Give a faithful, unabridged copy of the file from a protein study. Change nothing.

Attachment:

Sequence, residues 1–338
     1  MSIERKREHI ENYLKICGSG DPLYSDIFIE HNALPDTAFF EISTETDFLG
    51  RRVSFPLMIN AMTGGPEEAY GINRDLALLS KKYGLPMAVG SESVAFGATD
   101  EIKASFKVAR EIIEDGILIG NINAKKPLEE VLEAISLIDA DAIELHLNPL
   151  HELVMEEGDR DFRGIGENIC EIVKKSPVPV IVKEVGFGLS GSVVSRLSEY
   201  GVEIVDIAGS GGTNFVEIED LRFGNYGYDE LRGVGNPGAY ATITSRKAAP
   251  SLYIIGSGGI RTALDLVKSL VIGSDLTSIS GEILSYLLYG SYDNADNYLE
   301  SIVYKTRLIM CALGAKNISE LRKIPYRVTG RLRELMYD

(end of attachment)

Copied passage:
Sequence, residues 1–338
     1  MSIERKREHI ENYLKICGSG DPLYSDIFIE HNALPDTAFF EISTETDFLG
    51  RRVSFPLMIN AMTGGPEEAY GINRDLALLS KKYGLPMAVG SESVAFGATD
   101  EIKASFKVAR EIIEDGILIG NINAKKPLEE VLEAISLIDA DAIELHLNPL
   151  HELVMEEGDR DFRGIGENIC EIVKKSPVPV IVKEVGFGLS GSVVSRLSEY
   201  GVEIVDIAGS GGTNFVEIED LRFGNYGYDE LRGVGNPGAY ATITSRKAAP
   251  SLYIIGSGGI RTALDLVKSL VIGSDLTSIS GEILSYLLYG SYDNADNYLE
   301  SIVYKTRLIM CALGAKNISE LRKIPYRVTG RLRELMYD